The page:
The North Vietnamese were masters of improvised camouflage, disguising hundreds of miles of underground tunnels with bamboo, leaves, and tree sap resin, and confusing sniffer dogs with traces of US-issue soap at tunnel entrances and airholes.

The Vietnamese ‘tigerstripe’ camouflage was originally a copy of the French ‘lizard’ pattern, and was called ‘sea wave’, created by the South Vietnamese Marine Corps in 1958. Variations of the pattern were manufactured under contract in other South-East Asian countries (including Korea, Japan, and Thailand) as well as in Vietnam through the Mutual Defense Assistance Program (MDAP). Each contract was for a different pattern, resulting in a large number of ‘tigerstripe’ variations, with differences in the colors and the proliferation of the base color. What are known as ‘sparse’ patterns have more gaps between the black markings, while ‘dense’ patterns are characterized by more solid black markings. An even more diverse range of colors resulted from the garments being washed, with blacks, for example, fading to blue and purple hues. The patterns were also issued to Civilian Irregular Defense Groups (Vietnamese soldiers trained by the American special forces). To prevent them from standing out, US military advisers were ordered to dress in the same uniforms as the troops they were training, and therefore often wore ‘tigerstripe’ patterns as well.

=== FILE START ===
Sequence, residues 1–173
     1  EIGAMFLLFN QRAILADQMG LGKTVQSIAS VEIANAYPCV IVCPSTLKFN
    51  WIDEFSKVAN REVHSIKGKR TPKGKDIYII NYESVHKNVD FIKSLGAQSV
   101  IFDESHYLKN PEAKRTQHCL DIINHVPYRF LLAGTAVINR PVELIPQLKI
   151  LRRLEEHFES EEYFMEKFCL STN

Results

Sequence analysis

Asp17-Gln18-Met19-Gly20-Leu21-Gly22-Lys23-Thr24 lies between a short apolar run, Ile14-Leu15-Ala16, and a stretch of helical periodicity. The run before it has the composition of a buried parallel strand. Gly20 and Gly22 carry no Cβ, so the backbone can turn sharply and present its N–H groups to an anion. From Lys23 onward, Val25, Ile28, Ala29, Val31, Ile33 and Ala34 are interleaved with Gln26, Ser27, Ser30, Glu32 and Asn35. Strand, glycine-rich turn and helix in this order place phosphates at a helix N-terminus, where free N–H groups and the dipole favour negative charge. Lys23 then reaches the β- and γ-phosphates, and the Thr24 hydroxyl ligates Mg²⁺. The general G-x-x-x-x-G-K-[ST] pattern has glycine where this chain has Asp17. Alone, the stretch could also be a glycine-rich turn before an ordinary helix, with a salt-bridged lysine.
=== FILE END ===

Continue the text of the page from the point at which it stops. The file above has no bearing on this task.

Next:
During the war, local tailors were selling a lot of custom-made ‘tigerstripe’ dinner jackets and flying suits to American REMFs, ‘Saigon commandos’, and war reporters who were interested in the pattern’s fashionable qualities rather than its concealment value.